Posts tagged brain
After emerging from drug-induced hallucinations, people often describe their experiences as mystical and introspectively illuminating. But psychedelic mushrooms, peyote, LSD and related drugs can also cause confusion, paranoia and emotional angst — raising questions about whether they have any long-term impact on mental health. Read more
A new study of long-time adult soccer players has found changes in the brain similar to traumatic brain injury as a result of repeated “headers” of the ball. The study also found an association between players who had repeatedly headed, and slight memory loss. Read more
A computer can predict what you’re dreaming about based on brain wave activity, new research suggests. By measuring people’s brain activity during waking moments, researchers were able to pick out the signatures of specific dream imagery — such as keys or a bed — while the dreamer was asleep. Read more.
Mission to Mars Could Mess With Your Brain: The high-energy particles that buzz around outside of our protective magnetosphere aren’t only a trigger for nasty cancers, they may also trigger certain brain defects, such as Alzheimer’s disease.
Just add it to the list of “reasons why humans don’t belong in space” — a list that will never stifle our urge to explore other worlds.
Childhood Hunger a Boost for Elderly Brains?Older people who remembered going hungry as children were slower to lose their mental sharpness as they reached old age.
Interesting to think that the experiences we have as a child can influence our brains decades later into old age…
During a trance-like session of psychography, experienced mediums in Brazil allow themselves to become receptive to spirits or dead souls. Then they write automatically, channeling the voices of those they believe to be speaking to them […] “I don’t think this does anything to make (the experience) less real or less profound or to make it less important in the moment,” said Andrew Newberg, a neuroscientist at Thomas Jefferson University in Philadelphia.
A CT scanner uses radiation to produce a three-dimensional image of the insides of the human body. X-rays are fired through the body, and scanners pick up the path of the rays, leading to a detailed image of the body. It can be used to detect and diagnose epilepsy, Alzheimer’s disease, cancers, heart disease and medical issue.
If robots can think like us, would they deserve rights? At what point would we need to start thinking about artificially intelligent robots less as things and more as something else…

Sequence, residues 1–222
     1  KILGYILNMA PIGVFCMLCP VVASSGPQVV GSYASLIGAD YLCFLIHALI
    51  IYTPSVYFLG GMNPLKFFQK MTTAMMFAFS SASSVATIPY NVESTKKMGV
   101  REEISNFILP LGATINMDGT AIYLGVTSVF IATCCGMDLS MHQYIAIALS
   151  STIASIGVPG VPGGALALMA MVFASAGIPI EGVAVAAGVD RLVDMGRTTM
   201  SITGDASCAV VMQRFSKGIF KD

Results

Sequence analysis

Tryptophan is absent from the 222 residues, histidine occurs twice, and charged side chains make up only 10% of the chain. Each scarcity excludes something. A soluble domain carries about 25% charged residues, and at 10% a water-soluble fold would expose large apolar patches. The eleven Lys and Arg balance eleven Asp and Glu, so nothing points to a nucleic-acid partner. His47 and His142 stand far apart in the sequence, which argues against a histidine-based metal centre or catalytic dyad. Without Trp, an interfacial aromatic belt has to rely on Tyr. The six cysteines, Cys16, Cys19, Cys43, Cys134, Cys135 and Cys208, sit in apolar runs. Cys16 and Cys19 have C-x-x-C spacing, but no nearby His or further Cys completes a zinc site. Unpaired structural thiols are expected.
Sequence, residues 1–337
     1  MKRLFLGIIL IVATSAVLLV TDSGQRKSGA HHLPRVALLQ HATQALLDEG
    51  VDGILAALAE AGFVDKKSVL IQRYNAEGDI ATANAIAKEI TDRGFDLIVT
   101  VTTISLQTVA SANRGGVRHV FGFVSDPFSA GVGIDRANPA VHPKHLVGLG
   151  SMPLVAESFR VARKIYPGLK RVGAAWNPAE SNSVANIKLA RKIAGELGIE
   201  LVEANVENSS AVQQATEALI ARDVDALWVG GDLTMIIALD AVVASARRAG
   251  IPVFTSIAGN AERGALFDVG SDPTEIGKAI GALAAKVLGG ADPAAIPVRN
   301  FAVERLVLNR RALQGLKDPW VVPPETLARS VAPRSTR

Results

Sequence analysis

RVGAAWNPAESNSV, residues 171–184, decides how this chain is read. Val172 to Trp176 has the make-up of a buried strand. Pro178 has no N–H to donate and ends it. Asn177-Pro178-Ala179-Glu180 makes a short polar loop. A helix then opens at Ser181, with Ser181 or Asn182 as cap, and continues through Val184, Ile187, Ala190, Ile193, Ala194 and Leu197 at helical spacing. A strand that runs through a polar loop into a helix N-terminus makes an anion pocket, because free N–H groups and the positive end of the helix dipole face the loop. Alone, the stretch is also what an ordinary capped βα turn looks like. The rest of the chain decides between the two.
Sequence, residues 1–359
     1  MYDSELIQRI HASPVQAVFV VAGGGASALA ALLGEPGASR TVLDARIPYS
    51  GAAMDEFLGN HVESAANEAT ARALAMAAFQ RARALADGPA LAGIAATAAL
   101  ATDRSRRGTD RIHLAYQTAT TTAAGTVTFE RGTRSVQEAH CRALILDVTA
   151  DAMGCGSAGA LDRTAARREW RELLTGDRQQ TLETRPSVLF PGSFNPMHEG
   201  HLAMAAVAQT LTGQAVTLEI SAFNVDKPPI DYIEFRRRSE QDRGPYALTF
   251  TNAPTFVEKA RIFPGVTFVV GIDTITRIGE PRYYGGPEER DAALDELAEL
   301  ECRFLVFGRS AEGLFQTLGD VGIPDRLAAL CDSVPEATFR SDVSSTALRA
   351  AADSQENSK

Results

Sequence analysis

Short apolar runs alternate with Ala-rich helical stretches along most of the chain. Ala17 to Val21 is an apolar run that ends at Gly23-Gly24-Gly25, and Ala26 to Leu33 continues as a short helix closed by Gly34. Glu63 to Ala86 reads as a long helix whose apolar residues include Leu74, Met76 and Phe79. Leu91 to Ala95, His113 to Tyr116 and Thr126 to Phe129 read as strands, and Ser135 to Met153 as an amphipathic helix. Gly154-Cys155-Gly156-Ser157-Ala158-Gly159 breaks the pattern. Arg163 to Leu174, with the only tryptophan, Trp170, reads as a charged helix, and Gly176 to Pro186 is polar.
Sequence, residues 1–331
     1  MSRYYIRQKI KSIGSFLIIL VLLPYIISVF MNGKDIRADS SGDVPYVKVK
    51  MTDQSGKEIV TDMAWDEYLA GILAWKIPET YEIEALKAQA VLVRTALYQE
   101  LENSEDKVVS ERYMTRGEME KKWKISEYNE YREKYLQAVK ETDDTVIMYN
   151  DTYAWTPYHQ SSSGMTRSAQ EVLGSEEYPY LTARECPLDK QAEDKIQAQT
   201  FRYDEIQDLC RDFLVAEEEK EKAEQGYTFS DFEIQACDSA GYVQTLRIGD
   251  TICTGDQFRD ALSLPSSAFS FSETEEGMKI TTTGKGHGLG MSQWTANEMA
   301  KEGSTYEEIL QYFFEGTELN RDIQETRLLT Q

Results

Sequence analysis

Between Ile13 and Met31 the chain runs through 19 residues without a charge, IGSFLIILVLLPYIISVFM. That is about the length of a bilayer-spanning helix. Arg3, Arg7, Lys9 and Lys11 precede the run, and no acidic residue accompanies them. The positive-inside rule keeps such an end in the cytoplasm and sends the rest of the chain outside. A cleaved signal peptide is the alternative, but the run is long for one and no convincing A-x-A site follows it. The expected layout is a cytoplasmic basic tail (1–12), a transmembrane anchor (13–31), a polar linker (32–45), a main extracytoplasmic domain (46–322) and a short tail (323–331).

Maybe that’s too deep for this time of day. Happy Hour anyone?
Will this summer be remembered as a turning point in the story of man versus machine? On June 23, with little fanfare, a computer program came within a hair’s breadth of passing the Turing test, a kind of parlour game for evaluating machine intelligence devised by mathematician Alan Turing more than 60 years ago.
Turing proposed the test – he called it “the imitation game” – in a 1950 paper titled “Computing machinery and intelligence”. Back then, computers were very simple machines, and the field known as Artificial Intelligence (AI) was in its infancy. But already scientists and philosophers were wondering where the new technology would lead. In particular, could a machine “think”?
This is some scary stuff.
Don’t think of your password! D’oh!
A team of researchers from the University of Oxford in Geneva and the University of California in Berkeley just showed how easy it is to hack a human brain and pluck things such as bank details from your head. They did so using an off-the-shelf Emotiv brain-computer interface that only cost a few hundred dollars.
Their experiments made it easier to calculate their address or bank account numbers.
Sad Keanu thinks this reminds him of something.
Why don’t people just maim? Shoot a scary bullet in the air?
Part of the reason is that the lower levels of our brains take over.
Higher level behavior, activities such as decision-making, memory and observational skills, which are controlled by the cerebral cortex, are usurped by a fast-acting part of the brain called the amygdala during a violent confrontation.
"It causes a shift in hormones, blood pressure, heart rate, it can even slow down digestion," said Catherine Pittman, professor of psychology at St. Mary’s College in Notre Dame, Ind. "It’s really a lower level of your brain that takes charge."
Pittman said the amygdala and cortex work simultaneously — one processing higher level functions and one preparing the body to escape or do battle.
"There are many levels of the brain that are operating [during a confrontation]," she said. "Some are operating under your control and some operate so quickly that you can’t control."
The combination of fear and a weapon can lead to deadly consequences.
"If you feel in danger you don’t think rationally or logically," Pittman said. "The problem is that a gun is an easy thing to operate. It just takes one movement of your finger. You can feel threatened and take an evasive action, or you could kill someone based on a perception that is not accurate."